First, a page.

Following Grammy Award nominations for several previous recordings, Ms. Kashkashian received a 2012 Grammy Award in the "Best Classical Instrumental Solo" category for Kurtág and Ligeti: Music for Viola, on the ECM Records label. Ms. Kashkashian's recording, with Robert Levin, of the Brahms Sonatas won the Edison Prize in 1999. Her June 2000 recording of concertos by Bartók, Eötvös and Kurtág won the 2001 Cannes Classical Award for a premiere recording by soloist with orchestra.


In 2016 Ms. Kashkashian was elected a Fellow of the American Academy of Arts and Sciences.

Ms. Kashkashian has worked tirelessly to broaden the range of technique, advocacy, and repertoire for the viola. A staunch proponent of contemporary music, she has developed creative relationships with György Kurtág, Krzysztof Penderecki, Alfred Schnittke, Giya Kancheli, and Arvo Pärt, and commissioned works from Peter Eötvös, Ken Ueno, Thomas Larcher, Lera Auerbach and Tigran Mansurian.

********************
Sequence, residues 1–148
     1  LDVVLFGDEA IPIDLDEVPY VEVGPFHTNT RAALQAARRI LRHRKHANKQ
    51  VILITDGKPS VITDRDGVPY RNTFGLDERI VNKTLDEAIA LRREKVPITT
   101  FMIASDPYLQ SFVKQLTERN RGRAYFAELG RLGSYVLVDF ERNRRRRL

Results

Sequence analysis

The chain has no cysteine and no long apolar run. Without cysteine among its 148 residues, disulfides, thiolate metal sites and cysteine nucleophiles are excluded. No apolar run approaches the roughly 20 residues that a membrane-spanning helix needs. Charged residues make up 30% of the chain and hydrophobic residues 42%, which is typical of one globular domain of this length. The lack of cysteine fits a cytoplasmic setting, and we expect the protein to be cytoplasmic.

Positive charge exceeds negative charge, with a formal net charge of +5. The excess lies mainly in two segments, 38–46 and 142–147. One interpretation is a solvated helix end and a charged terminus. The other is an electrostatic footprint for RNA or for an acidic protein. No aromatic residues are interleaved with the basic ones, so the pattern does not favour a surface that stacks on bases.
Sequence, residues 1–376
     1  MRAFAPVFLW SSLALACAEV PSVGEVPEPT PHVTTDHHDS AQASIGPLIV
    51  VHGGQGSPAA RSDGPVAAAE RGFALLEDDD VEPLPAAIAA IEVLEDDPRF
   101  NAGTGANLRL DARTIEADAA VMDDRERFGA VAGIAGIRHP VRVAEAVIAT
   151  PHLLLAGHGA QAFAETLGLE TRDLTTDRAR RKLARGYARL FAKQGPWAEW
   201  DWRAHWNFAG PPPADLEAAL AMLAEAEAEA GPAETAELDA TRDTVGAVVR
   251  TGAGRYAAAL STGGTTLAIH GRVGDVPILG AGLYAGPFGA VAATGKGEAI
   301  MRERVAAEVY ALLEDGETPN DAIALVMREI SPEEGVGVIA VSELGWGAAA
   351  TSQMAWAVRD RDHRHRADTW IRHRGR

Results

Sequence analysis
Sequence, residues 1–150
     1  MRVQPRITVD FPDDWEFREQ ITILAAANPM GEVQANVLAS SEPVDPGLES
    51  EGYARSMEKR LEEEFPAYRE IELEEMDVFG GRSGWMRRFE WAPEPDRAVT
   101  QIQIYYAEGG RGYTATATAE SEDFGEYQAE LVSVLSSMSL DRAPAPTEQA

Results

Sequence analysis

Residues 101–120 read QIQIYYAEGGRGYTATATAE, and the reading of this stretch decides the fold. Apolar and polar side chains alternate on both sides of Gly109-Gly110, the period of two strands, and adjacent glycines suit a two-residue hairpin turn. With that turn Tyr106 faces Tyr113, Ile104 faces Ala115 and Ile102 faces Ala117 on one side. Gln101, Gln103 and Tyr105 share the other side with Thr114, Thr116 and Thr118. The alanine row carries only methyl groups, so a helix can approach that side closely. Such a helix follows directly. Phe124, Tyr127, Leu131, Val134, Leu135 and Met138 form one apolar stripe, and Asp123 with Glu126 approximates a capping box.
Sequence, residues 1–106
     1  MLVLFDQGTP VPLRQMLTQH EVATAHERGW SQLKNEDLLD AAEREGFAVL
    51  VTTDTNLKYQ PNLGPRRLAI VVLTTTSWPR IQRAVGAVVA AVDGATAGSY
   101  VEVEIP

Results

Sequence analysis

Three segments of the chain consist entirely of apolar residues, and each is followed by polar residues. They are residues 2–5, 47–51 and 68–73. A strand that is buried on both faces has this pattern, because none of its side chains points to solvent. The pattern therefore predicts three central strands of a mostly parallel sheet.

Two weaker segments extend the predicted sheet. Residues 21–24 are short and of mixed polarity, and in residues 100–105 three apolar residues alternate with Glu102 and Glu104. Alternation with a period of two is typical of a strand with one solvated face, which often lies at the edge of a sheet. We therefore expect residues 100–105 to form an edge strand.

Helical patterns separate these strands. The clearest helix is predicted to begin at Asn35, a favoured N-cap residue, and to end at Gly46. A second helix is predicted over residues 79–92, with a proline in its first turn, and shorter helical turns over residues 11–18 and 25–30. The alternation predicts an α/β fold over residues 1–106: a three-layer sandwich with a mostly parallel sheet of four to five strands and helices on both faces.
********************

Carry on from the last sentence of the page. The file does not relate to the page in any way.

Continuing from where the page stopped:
Marlboro and the Viennese school represented by her mentor, Felix Galimir, were major influences in developing Ms. Kashkashian’s love of chamber music. She is a regular participant at the Verbier, Salzburg, Lockenhaus, Marlboro and Ravinia festivals. She has long-standing duo partnerships with pianist Robert Levin and percussionist Robyn Schulkowsky, and played in a unique string quartet with Gidon Kremer, Daniel Phillips and Yo-Yo Ma.

As a soloist, Ms. Kashkashian has appeared with the great orchestras of Berlin, London, Vienna, Milan, New York and Cleveland, and in recital at the Metropolitan Museum of New York, Kaufmann Hall, New England Conservatory’s Jordan Hall, as well as in Philadelphia, Pittsburgh, Cleveland, Frankfurt, Berlin, Paris, Athens and Tokyo.

Ms. Kashkashian's musicianship has been well represented on recordings through her association with the prestigious ECM label in a fruitful collaboration that has been continuous since 1985.

Ms. Kashkashian has taught in Bloomington, Indiana, and in Freiburg and Berlin, Germany, and now resides with her daughter in Boston. She is a founding member of Music for Food, an initiative by musicians to fight hunger in their home communities.



American violist Matthew Lipman is recognized as one of the world’s leading young instrumentalists. He has been hailed by The New York Times for his "rich tone and elegant phrasing" and by the Chicago Tribune for his "splendid technique and musical sensitivity.”